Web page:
History of South Union Church
This information was written by Mrs. June (Hazel) Trisler in 1994 and 1997. The information was gathered from newspaper articles of August 1938, concerning community churches, in scrapbook clippings preserved by Mrs. Marie Trisler, and a church history written by Sam Anderson and John H. Koontz, who were active members during the year 1920.
One of the earliest churches in Monroe County was South Union Church. It was first organized in 1833 as a New Light Church and afterwards reorganized with Ellettsville Church as Disciples of Christ and Christian Churches in 1920.
The first church was a primitive log structure erected in 1833 and was strictly a house of worship school house for a number of years. The log church stood North and South, with a rough hewn door in the North end and one on the East side. The seats were split logs, smoothed on one side and made with wooden pegs as legs to hold them up. Candle-racks made of two pieces of board nailed together, hung on the walls and candlelight was the lighting system. Heating the church was a simple affair, two cast iron stoves furnished heat on the cold winter days.
This log house stood a little to the Southwest of the present building, built in 1922, and the area was referred to as the old cemetery. In front of the log house and to the west of the present building was then the public highway and still exist as Rockport Rd. and Duvall Rd.
Charter members, as they were called, included - James Shipman, James Wright Sr., John Goodnight, John F. May, Mrs. Mary Hoover, Capt. Wm. May, and Wm. Gray.
The first Elders were, James Shipman and James Wright Sr., Capt. Wm. May. The first preacher in the log house was Capt. Wm. May.
James Shipman, Wm. Gray, Samuel Turner and John P. May helped build the log house.
Among the prominent families who worshiped in the first church were the families of, James Wright, John P. May, Colman Rush, John Berry, Solomon Phillips, John Phillips, John Rushe, G. Campbell, Edd Borland, Isaac Lane, James Riley, Caspar Koontz, Michael Thrasher, Henry Hensley, Seth Goodman, James Davis, George Chaplain and Lewis Shriver. At the close of 1849, South Union had 102 members.
In 1856 the members changed the log building to a frame structure. Thus being considered the second church. Donations of framing lumber were from Capt. John Ketchum, John Koontz Sr., and Dick Huston. John T. Rush and Thomas Rush were of great help with the carpentry. The ministers in 1856 were, John Mathes and James Blankenship. In 1867, one service was held with 50 persons attending the church. Among the ministers was, Henry Floyd, from Greene County, who preached at South Union at different times during 19 years of his 51 years of ministry. He mostly traveled on horseback for the total estimated 92,000 miles and with a total cash earnings for those years of 2,970 dollars.
In 1856, the elders were Isaac Lane and James Shipman. Deacons were George Parham and Archie M. Lane. Later, officers were Alfred Wright, Joseph East and Wm.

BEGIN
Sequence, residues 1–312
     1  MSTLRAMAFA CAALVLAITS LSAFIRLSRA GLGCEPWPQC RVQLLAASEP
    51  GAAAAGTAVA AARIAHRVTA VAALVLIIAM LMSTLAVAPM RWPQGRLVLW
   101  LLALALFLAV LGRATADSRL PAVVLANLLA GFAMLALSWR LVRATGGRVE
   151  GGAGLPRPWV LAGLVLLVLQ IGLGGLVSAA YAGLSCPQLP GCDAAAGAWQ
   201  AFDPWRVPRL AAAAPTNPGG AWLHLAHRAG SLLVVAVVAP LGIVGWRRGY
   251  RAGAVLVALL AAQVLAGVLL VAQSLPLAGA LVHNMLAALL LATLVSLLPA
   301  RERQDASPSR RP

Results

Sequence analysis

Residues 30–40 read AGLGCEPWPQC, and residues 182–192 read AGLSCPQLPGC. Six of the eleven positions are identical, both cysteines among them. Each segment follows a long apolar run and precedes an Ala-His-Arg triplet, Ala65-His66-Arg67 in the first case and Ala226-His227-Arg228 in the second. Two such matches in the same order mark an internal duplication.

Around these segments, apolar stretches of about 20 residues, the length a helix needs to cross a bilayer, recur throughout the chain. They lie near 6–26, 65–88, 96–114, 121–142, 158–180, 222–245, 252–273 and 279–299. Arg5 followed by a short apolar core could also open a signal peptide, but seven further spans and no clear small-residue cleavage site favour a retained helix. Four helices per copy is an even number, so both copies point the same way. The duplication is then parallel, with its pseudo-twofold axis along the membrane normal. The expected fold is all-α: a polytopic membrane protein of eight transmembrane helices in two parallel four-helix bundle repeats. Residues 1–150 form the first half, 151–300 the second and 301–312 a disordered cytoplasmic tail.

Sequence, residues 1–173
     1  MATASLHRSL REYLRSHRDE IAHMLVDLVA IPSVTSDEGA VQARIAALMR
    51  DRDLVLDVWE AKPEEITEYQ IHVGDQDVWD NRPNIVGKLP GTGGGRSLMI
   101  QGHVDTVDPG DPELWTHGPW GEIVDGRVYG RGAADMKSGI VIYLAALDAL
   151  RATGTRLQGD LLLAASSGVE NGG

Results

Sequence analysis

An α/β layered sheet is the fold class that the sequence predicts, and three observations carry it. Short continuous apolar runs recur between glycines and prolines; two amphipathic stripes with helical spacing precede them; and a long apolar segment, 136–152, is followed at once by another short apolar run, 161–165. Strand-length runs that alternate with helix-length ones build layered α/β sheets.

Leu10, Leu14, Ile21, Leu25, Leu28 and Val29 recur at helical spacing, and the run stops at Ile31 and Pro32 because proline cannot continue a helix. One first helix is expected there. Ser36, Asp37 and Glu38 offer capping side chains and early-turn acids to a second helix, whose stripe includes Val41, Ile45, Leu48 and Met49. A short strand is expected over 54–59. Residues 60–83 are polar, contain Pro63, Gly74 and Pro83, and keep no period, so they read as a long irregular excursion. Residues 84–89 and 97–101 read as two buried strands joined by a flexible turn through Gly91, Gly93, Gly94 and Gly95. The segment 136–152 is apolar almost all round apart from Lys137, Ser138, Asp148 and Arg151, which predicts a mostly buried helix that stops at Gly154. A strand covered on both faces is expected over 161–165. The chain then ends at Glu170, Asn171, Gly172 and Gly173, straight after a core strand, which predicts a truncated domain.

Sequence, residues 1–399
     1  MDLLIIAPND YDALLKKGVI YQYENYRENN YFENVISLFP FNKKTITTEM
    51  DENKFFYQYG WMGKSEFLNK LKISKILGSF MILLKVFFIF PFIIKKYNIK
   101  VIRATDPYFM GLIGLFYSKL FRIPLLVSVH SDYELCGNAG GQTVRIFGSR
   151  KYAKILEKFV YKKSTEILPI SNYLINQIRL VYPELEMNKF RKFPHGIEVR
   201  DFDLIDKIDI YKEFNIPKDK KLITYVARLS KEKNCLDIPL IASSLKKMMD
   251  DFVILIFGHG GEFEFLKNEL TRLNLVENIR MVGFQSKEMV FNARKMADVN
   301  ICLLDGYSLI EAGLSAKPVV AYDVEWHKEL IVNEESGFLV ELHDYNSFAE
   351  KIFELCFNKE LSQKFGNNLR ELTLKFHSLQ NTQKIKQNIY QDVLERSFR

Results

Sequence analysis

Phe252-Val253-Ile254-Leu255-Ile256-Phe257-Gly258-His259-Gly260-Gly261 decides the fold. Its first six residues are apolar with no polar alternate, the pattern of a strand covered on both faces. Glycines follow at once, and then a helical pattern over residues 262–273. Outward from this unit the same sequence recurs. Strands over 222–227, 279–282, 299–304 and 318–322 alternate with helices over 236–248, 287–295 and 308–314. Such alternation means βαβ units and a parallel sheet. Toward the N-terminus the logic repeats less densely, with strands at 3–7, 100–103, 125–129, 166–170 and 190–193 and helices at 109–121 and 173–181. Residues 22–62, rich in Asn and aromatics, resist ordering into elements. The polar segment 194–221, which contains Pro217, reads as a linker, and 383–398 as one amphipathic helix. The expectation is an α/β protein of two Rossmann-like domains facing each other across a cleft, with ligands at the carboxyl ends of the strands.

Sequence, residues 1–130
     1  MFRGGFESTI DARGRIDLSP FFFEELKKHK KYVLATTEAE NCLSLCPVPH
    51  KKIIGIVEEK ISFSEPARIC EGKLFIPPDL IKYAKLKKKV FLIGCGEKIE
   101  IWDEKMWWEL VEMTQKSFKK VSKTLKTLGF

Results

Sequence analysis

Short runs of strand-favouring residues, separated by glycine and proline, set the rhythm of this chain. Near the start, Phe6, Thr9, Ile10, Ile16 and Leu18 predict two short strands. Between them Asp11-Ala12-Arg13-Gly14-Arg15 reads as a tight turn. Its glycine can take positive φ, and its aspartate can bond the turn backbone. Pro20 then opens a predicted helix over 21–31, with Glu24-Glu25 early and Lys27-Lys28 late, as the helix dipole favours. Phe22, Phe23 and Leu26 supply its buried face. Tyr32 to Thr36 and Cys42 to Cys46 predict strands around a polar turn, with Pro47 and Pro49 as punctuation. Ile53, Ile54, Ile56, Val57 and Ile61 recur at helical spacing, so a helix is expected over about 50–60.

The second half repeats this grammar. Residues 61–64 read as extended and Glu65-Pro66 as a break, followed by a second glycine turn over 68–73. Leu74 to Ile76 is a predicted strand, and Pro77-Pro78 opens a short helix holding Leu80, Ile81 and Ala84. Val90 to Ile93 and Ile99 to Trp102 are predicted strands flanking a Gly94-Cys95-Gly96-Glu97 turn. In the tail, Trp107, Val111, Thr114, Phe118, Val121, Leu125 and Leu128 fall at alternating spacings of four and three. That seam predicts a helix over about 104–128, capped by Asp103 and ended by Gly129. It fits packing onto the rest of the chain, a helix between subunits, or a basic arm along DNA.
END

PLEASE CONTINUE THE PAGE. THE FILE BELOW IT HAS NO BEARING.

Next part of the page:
In 1876, Allen Philpott, was a regular minister and continued for several years. Other ministers were, Henry Crutsinger, Henry Griffin, Allen Trusty, George Rader and Dr. W.L. Luck.
The frame structure was torn down in 1922 and the present structure (what we now call, the old church) was erected at a cost of 5,300 dollars, plus the donated work by the people of the community. The church was paid for, leaving no debt hanging over the members. Dr. O.M. Morris, H.B. Baker and W.O. Duvall were the principal leaders in erecting of the new church building. The church got a new Delco light system in the 1930s. It was a Delco motor system with 25 batteries, about the size of a big auto battery which was arranged with 12 on a top shelf and 13 on a bottom shelf. The top shelf had a white ball which would go down to the bottom, thus indicating when a charge was needed, at which point the motor should be started. The motor ran on kerosene but needed to be primed on gasoline. It furnished 32 volts of charge and the building was wired for light bulbs.
During the 1930s and 1940s, Mrs. Audris (Jessie) Conder, mother of Joseph and Glenn Conder, from the Stanford area, and Mrs. Thelma (Jones) Tribbey, granddaughter of W.O. Duvall, for whom Duvall Rd. was named for, played the piano regularly for the church services.
Members of the church have paid tribute to Prof. Ernest Linton, of I.U. Faculty. He ministered nine years in succession, always contributing his own salary toward the new building and was the first to purpose the erection of the new building. The news item material was gathered by S. H. Anderson (Sam Anderson). An additional article, supplied by W.F. Ferguson (a member affiliated for 40 years with the church), gave information that four governing officials deserved attention for the support they gave to the South Union Church. They were: Elder Jacob M. Carmichael (1838-1906), Paris Koontz, Mac Rush and John H. Koontz. They were born, married, reared families and were laid to rest near the little country church they loved.
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